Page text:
Dec 12, 2019

Leaky power grids are a huge source of carbon emissions

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Reproduced from The Conversation; Note: IEA estimates used to compare calculations; Chart: Axios Visuals

Leaky power grids that waste energy before it reaches consumers are an often overlooked source of carbon emissions, per The Conversation.

What they did: Researchers calculated the pollution from additional energy needed to make up for what's lost in transmission and distribution systems worldwide.

  • The experts with Johns Hopkins and the University of Maryland tallied "compensatory emissions" based on generation sources and grid quality in different countries.

What they found: It's big when you add it all up.

  • The losses also vary a lot by country, notes the piece derived from a recent paper in the journal Nature Climate Change.
  • "In 2016, aggregate transmission and distribution losses reached 19% in India and 16% in Brazil," they note.
  • They were over 50% in Haiti, Iraq, and the Republic of Congo, which "means that only half of the electricity generated reached or was billed to the consumers as usable power."

What's next: They call for greater attention to stemming emissions through use of better tech and infrastructure upgrades.

  • Various ways to lower energy loss include replacing inefficient transmission wires, using superconductors to reduce resistance in transmission wires, and configuring distribution lines in a better way.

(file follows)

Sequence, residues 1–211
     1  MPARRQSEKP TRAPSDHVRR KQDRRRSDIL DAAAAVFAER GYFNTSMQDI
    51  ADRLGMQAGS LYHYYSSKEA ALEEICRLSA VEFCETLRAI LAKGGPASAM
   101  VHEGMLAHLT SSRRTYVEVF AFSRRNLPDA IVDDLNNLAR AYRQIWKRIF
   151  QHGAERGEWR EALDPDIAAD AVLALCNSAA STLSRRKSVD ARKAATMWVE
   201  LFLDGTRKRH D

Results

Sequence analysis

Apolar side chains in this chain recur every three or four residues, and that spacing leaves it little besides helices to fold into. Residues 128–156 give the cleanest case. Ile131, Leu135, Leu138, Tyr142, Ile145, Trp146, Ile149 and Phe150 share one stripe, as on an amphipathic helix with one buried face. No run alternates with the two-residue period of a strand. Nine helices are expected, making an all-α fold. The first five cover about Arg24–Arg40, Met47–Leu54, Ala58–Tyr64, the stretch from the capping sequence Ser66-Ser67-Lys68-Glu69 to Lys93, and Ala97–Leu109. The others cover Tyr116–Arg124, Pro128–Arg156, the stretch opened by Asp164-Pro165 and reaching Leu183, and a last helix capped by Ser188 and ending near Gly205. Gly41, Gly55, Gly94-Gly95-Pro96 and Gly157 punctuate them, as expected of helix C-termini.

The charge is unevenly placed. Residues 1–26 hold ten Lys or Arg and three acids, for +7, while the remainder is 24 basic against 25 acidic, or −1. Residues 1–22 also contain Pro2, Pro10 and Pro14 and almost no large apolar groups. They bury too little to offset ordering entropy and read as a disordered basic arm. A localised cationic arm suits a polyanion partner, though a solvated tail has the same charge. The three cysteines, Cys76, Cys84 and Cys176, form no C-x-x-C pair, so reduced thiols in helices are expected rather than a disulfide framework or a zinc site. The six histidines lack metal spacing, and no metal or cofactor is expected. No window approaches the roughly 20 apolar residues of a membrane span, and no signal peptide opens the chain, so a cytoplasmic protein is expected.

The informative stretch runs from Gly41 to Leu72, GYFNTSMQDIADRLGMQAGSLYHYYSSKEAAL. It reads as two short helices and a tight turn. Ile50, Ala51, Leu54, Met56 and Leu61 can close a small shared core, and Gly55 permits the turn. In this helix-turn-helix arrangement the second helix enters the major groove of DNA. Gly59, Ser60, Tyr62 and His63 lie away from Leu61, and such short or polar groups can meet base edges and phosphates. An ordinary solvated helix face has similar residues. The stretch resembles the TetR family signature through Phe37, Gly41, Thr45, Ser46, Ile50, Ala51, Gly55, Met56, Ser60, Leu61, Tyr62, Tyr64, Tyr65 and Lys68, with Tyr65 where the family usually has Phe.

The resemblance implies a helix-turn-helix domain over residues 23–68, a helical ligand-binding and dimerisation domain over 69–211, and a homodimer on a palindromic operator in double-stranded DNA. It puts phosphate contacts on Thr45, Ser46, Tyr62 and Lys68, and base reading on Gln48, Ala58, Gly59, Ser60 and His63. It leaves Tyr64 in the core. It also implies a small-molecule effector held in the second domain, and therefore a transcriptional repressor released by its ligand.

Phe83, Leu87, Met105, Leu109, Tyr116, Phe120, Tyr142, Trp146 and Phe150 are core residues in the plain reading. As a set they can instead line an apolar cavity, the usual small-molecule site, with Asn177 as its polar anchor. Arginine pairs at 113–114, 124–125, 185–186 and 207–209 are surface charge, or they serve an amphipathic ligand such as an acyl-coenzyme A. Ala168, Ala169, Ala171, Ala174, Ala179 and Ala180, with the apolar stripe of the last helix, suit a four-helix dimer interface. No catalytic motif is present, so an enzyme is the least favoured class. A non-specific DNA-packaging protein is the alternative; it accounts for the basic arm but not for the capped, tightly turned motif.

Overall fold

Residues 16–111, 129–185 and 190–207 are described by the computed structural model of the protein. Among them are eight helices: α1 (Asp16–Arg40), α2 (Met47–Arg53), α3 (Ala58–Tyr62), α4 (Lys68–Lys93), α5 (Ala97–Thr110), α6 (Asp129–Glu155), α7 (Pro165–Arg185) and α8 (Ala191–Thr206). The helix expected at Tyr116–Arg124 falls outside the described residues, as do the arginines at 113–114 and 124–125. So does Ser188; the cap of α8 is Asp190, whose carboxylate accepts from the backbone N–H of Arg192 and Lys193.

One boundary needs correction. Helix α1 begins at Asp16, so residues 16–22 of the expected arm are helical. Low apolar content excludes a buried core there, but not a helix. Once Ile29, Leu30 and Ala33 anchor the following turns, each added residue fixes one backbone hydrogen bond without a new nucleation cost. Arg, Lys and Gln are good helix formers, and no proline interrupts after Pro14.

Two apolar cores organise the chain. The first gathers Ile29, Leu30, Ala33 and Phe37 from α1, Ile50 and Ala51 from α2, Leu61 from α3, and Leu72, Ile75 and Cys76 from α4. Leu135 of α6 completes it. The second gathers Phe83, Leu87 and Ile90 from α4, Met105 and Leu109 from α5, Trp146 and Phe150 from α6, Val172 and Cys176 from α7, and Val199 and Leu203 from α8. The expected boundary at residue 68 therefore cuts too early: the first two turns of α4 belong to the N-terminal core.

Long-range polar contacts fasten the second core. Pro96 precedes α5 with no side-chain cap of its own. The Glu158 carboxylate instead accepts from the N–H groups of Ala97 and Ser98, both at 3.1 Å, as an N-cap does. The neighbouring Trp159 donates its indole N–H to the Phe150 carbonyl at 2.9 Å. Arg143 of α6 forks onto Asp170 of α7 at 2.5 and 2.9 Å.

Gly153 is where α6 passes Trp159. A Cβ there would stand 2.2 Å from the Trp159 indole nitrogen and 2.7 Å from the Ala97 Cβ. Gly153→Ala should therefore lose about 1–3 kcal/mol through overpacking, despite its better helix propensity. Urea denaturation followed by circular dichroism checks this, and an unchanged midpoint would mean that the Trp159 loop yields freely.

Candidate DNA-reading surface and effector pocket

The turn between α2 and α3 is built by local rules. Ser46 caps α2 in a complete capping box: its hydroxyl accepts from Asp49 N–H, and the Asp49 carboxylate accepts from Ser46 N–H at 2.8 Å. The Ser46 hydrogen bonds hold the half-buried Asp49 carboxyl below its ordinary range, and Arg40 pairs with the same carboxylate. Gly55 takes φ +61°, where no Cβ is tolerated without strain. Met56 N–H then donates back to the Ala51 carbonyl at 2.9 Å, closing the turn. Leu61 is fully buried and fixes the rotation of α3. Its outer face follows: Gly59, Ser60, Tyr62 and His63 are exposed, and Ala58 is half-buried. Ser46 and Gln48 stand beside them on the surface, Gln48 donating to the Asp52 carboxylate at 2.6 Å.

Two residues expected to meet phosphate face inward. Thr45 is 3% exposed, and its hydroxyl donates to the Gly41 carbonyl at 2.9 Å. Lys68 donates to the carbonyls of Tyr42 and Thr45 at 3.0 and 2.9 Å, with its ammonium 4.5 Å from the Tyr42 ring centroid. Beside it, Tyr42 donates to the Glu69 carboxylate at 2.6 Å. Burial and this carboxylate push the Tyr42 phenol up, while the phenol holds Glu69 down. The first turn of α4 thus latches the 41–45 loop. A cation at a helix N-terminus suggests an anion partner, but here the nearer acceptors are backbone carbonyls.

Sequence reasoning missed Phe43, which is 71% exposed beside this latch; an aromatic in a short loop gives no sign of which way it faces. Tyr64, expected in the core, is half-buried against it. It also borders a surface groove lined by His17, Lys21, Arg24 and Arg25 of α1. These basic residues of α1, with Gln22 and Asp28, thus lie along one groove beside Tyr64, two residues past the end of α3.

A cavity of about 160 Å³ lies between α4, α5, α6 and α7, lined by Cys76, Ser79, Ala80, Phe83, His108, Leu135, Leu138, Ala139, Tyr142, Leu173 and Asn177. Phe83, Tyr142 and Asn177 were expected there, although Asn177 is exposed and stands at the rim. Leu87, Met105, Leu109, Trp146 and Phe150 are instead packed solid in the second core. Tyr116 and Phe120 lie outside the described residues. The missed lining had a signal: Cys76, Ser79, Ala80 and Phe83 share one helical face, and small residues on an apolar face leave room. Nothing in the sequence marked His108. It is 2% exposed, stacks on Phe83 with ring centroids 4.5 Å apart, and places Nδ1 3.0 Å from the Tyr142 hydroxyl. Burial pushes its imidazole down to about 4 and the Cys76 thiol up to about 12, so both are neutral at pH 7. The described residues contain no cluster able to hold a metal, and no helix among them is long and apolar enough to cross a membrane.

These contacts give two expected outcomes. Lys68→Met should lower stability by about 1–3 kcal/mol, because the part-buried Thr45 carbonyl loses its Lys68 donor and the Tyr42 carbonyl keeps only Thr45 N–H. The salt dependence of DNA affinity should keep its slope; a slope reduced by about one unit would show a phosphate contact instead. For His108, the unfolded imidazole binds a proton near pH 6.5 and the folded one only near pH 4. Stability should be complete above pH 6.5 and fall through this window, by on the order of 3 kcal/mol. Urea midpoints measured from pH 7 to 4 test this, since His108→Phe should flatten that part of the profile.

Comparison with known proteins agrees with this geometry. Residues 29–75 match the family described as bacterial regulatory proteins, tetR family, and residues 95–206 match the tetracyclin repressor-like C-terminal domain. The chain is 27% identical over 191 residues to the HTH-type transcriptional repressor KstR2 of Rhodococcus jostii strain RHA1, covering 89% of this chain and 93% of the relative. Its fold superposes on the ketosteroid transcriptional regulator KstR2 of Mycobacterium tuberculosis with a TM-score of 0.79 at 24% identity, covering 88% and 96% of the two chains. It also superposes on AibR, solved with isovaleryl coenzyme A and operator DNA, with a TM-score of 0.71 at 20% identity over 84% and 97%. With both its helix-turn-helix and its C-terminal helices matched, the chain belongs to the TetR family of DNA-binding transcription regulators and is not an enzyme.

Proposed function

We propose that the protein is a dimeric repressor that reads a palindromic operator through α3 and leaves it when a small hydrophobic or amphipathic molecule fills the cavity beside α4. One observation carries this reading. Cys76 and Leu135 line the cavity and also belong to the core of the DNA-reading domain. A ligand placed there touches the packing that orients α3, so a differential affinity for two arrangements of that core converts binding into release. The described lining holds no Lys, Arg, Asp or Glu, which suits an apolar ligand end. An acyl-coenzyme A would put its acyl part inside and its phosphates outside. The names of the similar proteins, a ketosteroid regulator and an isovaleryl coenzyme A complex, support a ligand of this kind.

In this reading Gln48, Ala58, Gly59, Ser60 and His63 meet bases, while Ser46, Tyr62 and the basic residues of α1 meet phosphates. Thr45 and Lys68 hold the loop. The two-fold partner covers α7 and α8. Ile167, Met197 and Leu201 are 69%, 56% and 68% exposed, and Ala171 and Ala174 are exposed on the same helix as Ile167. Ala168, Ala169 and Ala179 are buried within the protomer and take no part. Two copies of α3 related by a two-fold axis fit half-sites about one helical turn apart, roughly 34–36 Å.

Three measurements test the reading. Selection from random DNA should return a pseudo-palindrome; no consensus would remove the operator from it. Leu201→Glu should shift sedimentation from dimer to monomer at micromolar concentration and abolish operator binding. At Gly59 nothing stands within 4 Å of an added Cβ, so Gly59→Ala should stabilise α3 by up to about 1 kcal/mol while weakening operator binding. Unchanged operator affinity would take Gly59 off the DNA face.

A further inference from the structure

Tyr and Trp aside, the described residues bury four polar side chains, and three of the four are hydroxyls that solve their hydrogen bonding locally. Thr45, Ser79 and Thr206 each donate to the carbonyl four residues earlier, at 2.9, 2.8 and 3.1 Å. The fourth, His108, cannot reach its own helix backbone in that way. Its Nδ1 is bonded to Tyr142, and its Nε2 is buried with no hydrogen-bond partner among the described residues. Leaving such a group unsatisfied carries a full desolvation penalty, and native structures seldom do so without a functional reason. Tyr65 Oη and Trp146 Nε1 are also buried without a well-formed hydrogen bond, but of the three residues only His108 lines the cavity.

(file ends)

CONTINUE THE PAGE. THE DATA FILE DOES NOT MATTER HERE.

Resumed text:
Go deeper: The carbon footprints of the rich and activist

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Asia is coal's epicenter

Reproduced from IEA; Chart: Axios Visuals

The International Energy Agency is out with a preview of next week's report on the state of coal and the future of the resource over the next five years.

What they found: One conclusion is that Asia will largely dictate the future of how quickly the world does — or doesn't — begin moving away from the most carbon-emitting fuel.

Go deeperArrowDec 13, 2019

Big Tech data centers probably aren't a climate change time bomb

Data: Reproduced from an International Energy Agency report; Chart: Axios Visuals

An International Energy Agency analysis pushes back against concerns that data centers are a ticking carbon bomb as use of web-connected devices expands.

Where it stands: Power use by data centers consumes about 1% of global power (which isn't trivial in a world of still-rising emissions) and has changed little since 2015, they report.

Go deeperArrowJan 7, 2020

U.S. greenhouse gas emissions fell by estimated 2.1% in 2019

Power lines in California in 2019. Photo: Jane Tyska/MediaNews Group/The Mercury News via Getty Images

U.S. greenhouse gas emissions fell by 2.1% in 2019 due to a decrease in national coal consumption, according to estimates from the Rhodium Group released Tuesday.

Why it matters: Power generated from coal plants fell by a record 18%, and overall emissions from the power section declined by almost 10% — despite an increase in emissions from natural gas.

Go deeperArrowJan 7, 2020